Data from: Partial migration: growth varies between resident and migratory fish
Gillanders, Bronwyn M.; Izzo, Christopher; Doubleday, Zoë A.; Ye, Qifeng (2015), Data from: Partial migration: growth varies between resident and migratory fish, Dryad, Dataset, https://doi.org/10.5061/dryad.885sn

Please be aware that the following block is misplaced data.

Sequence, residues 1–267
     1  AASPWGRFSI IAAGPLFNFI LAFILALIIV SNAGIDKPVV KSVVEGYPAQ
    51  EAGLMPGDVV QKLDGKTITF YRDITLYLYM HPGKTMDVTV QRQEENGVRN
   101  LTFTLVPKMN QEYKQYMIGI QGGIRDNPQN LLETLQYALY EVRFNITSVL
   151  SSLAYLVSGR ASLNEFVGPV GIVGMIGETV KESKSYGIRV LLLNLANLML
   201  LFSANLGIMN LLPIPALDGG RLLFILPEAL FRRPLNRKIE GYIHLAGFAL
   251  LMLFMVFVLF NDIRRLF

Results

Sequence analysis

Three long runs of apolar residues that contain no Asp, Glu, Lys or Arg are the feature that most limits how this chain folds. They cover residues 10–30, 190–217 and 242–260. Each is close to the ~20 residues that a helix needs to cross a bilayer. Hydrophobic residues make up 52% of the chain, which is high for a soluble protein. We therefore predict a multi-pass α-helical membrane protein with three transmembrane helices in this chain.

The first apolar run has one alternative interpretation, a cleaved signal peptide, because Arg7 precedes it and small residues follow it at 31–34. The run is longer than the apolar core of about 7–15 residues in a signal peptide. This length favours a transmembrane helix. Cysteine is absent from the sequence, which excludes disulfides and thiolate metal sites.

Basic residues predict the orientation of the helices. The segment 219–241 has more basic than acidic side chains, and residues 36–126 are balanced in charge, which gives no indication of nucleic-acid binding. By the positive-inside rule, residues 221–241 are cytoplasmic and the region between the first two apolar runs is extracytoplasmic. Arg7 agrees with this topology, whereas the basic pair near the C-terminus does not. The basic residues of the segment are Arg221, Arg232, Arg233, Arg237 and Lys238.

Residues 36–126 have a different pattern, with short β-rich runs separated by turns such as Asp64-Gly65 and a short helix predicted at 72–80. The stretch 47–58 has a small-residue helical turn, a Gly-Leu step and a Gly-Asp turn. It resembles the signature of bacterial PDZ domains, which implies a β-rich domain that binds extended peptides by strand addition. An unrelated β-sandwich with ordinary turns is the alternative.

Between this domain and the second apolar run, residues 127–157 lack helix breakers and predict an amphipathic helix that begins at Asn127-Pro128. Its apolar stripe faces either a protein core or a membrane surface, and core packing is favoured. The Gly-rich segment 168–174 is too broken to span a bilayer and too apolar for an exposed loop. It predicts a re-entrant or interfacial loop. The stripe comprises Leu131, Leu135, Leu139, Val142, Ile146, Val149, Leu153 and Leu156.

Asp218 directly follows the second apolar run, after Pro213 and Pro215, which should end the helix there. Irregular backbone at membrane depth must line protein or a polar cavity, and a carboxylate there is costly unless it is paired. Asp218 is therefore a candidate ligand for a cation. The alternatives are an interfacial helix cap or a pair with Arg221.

Partial migration occurs in many taxa and ecosystems and may confer survival benefits. Here, we use otolith chemistry data to determine whether fish from a large estuarine system were resident or migratory, and then examine whether contingents display differences in modelled growth based on changes in width of otolith growth increments. Sixty-three per cent of fish were resident based on Ba : Ca of otoliths, with the remainder categorized as migratory, with both contingents distributed across most age/size classes and both sexes, suggesting population-level bet hedging. Migrant fish were in slightly better condition than resident fish based on Fulton's K condition index. Migration type (resident versus migratory) was 56 times more likely to explain variation in growth than a model just incorporating year- and age-related growth trends. While average growth only varied slightly between resident and migratory fish, year-to-year variation was significant. Such dynamism in growth rates likely drives persistence of both life-history types. The complex relationships in growth between contingents suggest that management of species exhibiting partial migration is challenging, especially in a world subject to a changing climate.